Pakistan general elections: A vote against IMF policies and state repression
Pakistan’s February 8 general elections resulted in a split vote, with no party securing a clear national majority. Voting occurred for 366 national assembly seats and four provincial assemblies: Punjab, Sindh, Balochistan and Khyber Pakhtunkhwa. The vote was divided among various right-wing parties, indicating a significant shift in political dynamics. Initial results suggest Pakistan has voted against IMF policies and state repression.
Centrist right-wing party Pakistan Muslim League (Nawaz) (PML-N), backed by the military establishment, failed to resonate with voters. While PML-N retained its majority in the Punjab Assembly, Pakistan People’s Party (PPP) secured a sweeping victory in the Sindh Assembly. Meanwhile, the Balochistan assembly witnessed a split vote among several nationalist and federal parties and in Khyber Pakhtunkhwa, Pakistan Tehreek Insaaf (PTI) supported “independent” candidates dominated. Despite facing obstacles, such as the Election Commission of Pakistan's refusal to allow the use of its election symbol due to alleged unfair internal elections, PTI-supported “independents” also emerged as the single largest political group at the national assembly.
The overall vote reflects a stance against IMF policies, which have led to unprecedented price hikes in Pakistan. These elections served as a clear repudiation of the implementers of IMF policies and those responsible for inflation and state coercion, particularly the Pakistan Democratic Movement (PDM) government, which had been in power for the past 16 months.
Furthermore, the vote signifies opposition to state repression, particularly against PTI, which is led by Imran Khan who faced several politically motivated convictions in the days leading up to the general election. Khan’s perceived victimisation mobilised voters against the military-backed PML-N. The return of three-time Prime Minister Mian Nawaz Sharif from self-imposed exile in Britain and the swift dismissal of all cases against him underscored this collusion.
Religious political parties experienced setbacks in these elections, with only Jamiat Ulema-e-Islam making notable gains. Tehreek Labeek secured 5-7% of the votes in each constituency, while Jamaat-e-Islami’s independent campaign failed to yield significant results.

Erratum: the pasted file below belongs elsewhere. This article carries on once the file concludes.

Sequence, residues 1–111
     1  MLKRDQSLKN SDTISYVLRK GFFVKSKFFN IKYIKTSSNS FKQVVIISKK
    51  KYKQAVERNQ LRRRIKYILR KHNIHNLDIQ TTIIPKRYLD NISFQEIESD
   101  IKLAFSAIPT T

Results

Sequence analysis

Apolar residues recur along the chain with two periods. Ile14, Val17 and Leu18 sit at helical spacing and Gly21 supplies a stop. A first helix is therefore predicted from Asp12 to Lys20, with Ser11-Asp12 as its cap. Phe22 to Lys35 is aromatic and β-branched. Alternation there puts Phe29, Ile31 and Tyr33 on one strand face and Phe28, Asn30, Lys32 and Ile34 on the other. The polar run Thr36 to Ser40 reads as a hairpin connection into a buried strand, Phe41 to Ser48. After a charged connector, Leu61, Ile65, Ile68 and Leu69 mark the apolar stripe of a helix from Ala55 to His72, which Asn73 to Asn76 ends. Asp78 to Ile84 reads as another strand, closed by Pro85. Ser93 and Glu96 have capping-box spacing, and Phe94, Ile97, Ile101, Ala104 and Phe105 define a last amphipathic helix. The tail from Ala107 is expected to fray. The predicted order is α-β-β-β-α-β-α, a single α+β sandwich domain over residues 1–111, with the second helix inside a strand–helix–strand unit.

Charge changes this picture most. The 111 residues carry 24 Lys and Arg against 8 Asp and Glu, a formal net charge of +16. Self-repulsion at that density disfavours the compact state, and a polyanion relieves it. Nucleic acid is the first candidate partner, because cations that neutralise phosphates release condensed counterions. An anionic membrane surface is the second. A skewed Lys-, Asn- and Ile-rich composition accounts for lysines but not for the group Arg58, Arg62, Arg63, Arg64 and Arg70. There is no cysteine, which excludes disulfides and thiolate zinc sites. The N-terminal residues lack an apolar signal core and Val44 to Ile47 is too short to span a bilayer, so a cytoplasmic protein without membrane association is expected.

The elections, delayed unconstitutionally for several months by the caretaker government that assumed power in August 2023, were evidently orchestrated to favour the PML-N.
The left-wing suffered due to the popularity of PTI, with most anti-military establishment and anti-IMF policy votes going to it. Left-wing candidates, including those from the Haqooq-e-Khalq Party, the Awami Workers Party and Barabri Party Pakistan failed to secure significant support or win seats. Notably, the national assembly seat won by Marxist Ali Wazir during the 2018 general elections was lost this time.
The elections were marred by widespread corruption, with all major political parties spending exorbitant sums to buy votes. The open sale of votes for up to 5000 Rupees ($18) further undermined the democratic process. Campaigns lacked substantive discussion on issues, with PTI focusing on condemning Khan's sentencing, PML-N rallying around the slogan “Give Nawaz to Pakistan,” and PPP presenting Bilawal Bhutto as a national saviour.
The outcome underscores the dominance of right-wing ideologies, though the vote lacked fervour and was primarily a reaction to intra-right-wing conflicts rather than a clear division between left and right. This was not solely an anti-establishment vote, as PTI’s anti-establishment stance remains temporary and selective in its opposition to state oppression.
Unfortunately, the elections offer little hope for positive change, as the incoming government is poised to fast-track neoliberal policies, privatise state institutions and deepen class exploitation. The potential government under Nawaz Sharif’s leadership is expected to cosy up to the IMF and World Bank, prioritising corporate interests over public welfare. The rise of corporate farming, facilitated by PML-N and caretaker governments, is likely to exacerbate economic inequality while failing to address the needs of small farmers.
Although the left-wing participated to some extent, their influence was limited, with fewer than 40 candidates contesting. Despite this setback, parties such as Haqooq Khalq vow to continue strengthening their base among the working class through parliamentary intervention. The incoming government will undoubtedly be capitalist and right-wing, focused on counter-reforms rather than radical change. The left is committed to intensifying the movement of the working class, small farmers, and common people against this oppressive regime.
Farooq Tariq is General Secretary of Pakistan Kissan Rabita Committee and President of the Haqooq-e-Khalq Party.